I remember when we set out on our first world voyage back in the bitter cold autumn of 1997. This was after a huge refit in Lunenburg, Nova Scotia. It was all a very big and exciting project just getting the PICTON CASTLE rigged up and into shape to sail as a square-rigger for deep sea passage making. It began in 1991, first searching for and then finding the perfect ship up a fjord in Norway and steaming her across the North Atlantic to Nova Scotia by way of Denmark, England, Spain, Madeira, Bermuda, Connecticut and Pier 15 South Street Seaport Museum, Isla Manhattoes, New York City.
It was a big job in Lunenburg fitting out this 300-ton barque. Kind of took over all the shipyards of this sea-girt town for most of a year; surveys, engine overhauls, dry-docking, checking the hull, welding sparks flying, new freshwater tanks, piping, wood chips everywhere, new decks, new water-tight bulkheads, lots of new bunks, new heads and showers, new galley, all kinds of safety and fire-fighting equipment fitted, new wiring, stability studies, of course lots of rigging and making masts and yards, pin-rails and fife-rails, new blocks and sails, charts and stuff, putting a crew together and so much else. What a project! Then finally all the work was done, or done enough. We would polish her up at sea while sailing ever westward in the warm tropical trade-winds. Plenty of time for all that. It came time to sail. We had a keen gang aboard eager to see what was over the horizon, sail the seas, explore tropical islands and story-book ports.
As we set off from our wharf there were any number of folks in town who harboured the notion that we would not get past Cross Island. I didn’t blame them. They had seen a few dreamy projects die to nothing at the docks in Lunenburg. But I also did not pay them too much mind. Joshua Slocum got the same treatment. I knew we had a great ship, an excellent crew and warm weather was just on the other side of the Gulf Stream not so far away, only 3 or 4 days out. Off we sailed in early December. It blew and was cold enough for a few days but soon we were peeling off the sweaters and getting into shorts and tee-shirts. By then that epic ocean voyage was well under way.
A few years later, with the ship back in Lunenburg all snuggly moored between such voyages, after the doubts by the shore ‘experts’ whether this ship could even make it past Cross Island were long dismissed – Cross Island being just seven miles out of Lunenburg harbour- never mind a 30,000 mile world voyage or two or three, occasionally young families would be pushing their strollers down our dock on a south westerly breezy summer’s day and they might comment to me that when their bambino was old enough he or she was going to sail with me around the world in PICTON CASTLE. I was charmed. My thoughts would wander to those days just before our first voyage and I would wonder… I was impressed how a healthy and reasonable scepticism had transformed into a vision of granite-like and never-ending perpetual world voyages for me and the PICTON CASTLE. I really did not think that I would still be setting out like that again twenty years on. But I am, and we are, and this wonderful ship is making one more world voyage under my command. And I am as excited as anybody.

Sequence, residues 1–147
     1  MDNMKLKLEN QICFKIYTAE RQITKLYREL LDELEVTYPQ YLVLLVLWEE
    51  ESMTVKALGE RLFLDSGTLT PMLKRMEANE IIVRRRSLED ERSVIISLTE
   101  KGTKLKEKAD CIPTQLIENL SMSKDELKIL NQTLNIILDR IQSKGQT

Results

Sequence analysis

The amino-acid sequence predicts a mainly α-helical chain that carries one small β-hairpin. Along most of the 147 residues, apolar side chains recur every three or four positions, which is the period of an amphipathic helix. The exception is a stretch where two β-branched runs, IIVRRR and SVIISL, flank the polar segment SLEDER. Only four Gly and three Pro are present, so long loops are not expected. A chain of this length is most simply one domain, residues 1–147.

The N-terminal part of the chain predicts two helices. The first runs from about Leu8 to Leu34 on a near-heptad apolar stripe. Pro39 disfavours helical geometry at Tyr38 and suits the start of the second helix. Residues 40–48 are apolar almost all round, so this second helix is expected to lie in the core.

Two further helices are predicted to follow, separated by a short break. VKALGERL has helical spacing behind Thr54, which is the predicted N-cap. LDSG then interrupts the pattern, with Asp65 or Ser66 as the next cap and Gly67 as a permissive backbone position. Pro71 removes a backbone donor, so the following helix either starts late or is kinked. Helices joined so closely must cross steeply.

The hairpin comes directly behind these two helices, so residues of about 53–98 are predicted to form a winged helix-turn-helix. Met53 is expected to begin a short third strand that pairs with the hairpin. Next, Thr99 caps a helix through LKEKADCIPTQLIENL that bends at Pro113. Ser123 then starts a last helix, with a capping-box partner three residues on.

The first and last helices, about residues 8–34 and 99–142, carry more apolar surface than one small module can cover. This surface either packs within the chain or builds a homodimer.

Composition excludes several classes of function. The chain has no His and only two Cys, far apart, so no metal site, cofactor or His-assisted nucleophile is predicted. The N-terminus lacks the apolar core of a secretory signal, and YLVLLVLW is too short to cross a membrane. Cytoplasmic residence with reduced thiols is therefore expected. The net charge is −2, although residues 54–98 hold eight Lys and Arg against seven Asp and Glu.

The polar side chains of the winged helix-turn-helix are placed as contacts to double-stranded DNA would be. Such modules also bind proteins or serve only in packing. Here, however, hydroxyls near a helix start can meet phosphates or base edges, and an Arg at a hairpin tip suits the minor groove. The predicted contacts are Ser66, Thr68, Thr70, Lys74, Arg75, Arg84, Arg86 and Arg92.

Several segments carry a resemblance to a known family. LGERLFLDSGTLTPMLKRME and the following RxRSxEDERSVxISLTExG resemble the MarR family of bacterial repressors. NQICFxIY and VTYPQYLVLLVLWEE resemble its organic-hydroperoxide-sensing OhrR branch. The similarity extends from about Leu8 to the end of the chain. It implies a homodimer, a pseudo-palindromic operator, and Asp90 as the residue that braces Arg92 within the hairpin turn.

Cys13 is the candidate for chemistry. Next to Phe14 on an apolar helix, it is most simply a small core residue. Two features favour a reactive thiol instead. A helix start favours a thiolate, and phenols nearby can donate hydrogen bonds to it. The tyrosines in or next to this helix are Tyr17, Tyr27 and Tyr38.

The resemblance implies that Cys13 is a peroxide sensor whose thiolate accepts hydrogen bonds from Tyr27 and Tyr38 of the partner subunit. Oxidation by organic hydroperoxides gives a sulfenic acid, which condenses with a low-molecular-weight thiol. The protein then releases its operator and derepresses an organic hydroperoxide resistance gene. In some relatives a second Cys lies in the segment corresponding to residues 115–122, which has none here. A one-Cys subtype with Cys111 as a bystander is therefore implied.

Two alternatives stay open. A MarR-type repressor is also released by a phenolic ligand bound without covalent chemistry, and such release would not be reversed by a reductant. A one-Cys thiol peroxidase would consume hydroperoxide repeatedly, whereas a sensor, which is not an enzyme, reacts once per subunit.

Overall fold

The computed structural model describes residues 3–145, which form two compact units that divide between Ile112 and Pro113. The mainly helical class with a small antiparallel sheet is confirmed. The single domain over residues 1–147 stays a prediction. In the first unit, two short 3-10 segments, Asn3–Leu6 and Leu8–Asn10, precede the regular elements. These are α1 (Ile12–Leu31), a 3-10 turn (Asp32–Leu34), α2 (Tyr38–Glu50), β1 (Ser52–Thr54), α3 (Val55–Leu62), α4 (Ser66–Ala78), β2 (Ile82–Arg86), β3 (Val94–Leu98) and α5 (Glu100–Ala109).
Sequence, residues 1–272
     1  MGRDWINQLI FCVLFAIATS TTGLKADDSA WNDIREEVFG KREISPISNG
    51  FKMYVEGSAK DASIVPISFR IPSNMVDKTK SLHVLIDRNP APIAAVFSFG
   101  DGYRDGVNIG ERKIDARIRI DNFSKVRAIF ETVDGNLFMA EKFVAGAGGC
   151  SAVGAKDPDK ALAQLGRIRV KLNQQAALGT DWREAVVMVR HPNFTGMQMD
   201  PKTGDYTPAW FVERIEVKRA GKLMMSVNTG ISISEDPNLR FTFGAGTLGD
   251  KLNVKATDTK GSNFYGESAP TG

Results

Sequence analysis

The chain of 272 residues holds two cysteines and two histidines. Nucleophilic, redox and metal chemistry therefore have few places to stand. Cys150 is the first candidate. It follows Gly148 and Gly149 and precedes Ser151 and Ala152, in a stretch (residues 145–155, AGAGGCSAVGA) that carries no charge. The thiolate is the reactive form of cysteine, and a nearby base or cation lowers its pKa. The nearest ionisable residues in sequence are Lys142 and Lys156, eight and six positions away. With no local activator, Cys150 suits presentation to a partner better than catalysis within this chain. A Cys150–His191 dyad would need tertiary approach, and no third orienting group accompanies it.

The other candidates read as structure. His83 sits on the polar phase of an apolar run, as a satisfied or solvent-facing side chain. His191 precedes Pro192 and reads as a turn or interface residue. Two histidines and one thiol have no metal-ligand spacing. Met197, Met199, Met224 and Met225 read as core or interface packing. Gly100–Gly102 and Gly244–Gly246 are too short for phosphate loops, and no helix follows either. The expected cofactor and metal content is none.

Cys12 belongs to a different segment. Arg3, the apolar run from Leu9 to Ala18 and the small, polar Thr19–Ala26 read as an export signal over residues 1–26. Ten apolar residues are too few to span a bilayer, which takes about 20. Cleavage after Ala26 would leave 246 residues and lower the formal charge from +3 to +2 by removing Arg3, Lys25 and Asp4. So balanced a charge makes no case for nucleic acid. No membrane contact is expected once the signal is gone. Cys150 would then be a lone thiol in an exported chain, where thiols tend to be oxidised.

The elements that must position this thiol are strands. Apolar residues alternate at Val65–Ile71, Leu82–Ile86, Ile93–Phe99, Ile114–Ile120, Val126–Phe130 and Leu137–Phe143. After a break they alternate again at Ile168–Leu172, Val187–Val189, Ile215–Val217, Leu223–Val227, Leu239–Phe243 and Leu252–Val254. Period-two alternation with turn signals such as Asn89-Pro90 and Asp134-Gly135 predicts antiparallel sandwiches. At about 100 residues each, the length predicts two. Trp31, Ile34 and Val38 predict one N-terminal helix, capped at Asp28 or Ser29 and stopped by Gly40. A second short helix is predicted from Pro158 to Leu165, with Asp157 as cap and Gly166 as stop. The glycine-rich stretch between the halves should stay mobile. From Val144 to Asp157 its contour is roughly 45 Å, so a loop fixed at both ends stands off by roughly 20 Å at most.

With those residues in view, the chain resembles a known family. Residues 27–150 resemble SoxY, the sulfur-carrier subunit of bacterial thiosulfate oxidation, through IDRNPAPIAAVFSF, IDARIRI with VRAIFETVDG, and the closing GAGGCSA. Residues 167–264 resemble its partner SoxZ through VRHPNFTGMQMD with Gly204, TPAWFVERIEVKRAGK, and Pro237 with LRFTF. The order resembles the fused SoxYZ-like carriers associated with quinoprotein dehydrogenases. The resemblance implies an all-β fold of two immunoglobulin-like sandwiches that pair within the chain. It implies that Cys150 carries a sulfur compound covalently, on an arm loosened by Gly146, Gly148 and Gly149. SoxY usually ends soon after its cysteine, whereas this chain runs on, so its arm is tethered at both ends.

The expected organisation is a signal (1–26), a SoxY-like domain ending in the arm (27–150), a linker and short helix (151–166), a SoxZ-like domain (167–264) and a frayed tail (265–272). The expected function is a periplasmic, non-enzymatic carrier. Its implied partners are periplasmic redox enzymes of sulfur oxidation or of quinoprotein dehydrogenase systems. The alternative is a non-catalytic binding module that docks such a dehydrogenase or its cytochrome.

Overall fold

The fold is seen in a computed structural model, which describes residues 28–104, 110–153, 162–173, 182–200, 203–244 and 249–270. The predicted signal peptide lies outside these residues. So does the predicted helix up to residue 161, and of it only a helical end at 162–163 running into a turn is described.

Why climb Mt Everest? And I am telling you that for all its challenges – and there are plenty – our voyage has got to be more fun than that. And warmer. Better food…and by way; someone told me when we started out that there were more men alive that had walked on the moon than there were folks who had sailed around the world in a square-rigger like PICTON CASTLE in the last 50 years. That, of course, what with six world voyages racked up, has changed now. But there are still more people today that have been dragged up to the top of that highest mountain of the world, Mt Everest, than have sailed a square-rigged ship like PICTON CASTLE on a global circumnavigation. Think about that.
I could go on about the many rich rewards a crewmember reaps from such a voyage in PICTON CASTLE; skills, strengths, meeting folks and experiencing cultures in far distant ports first hand and just the accomplishment itself – and I will at some point maybe – but the question is ‘why?’ for me, the now quite mature captain who has that circumnavigation box pretty well ticked? Good question.
Well, for one, if I knew that I could make this voyage happen for a new generation of adventurers one more time, and chose not to, well then, that would be a crying shame. Every voyage is its own unique odyssey. A voyage around the world is never routine.
And still, it remains for me an amazing a privilege and indeed an honour to be the master of such a fine staunch proven blue-water sailing ship, a ship that has never let us down in over 250,000 miles at sea, and to be called upon to lead such a grand blue-water voyage, the ultimate voyage, and an adventure for a new gang of PICTON CASTLE seafarers. And it’s just too damn cool.
More in this Section
Great Lakes 2019
Tall Ships Challenge sailing to nine different ports in the Great Lakes, both USA and Canada - sign on for just a week or the full voyage - June to September 2019Read More >
Voyage of the Atlantic 2020 - 2021
Canada, Europe, Africa, and the Caribbean. One year. Over 10,000 nautical miles. Become part of the crew.Read More >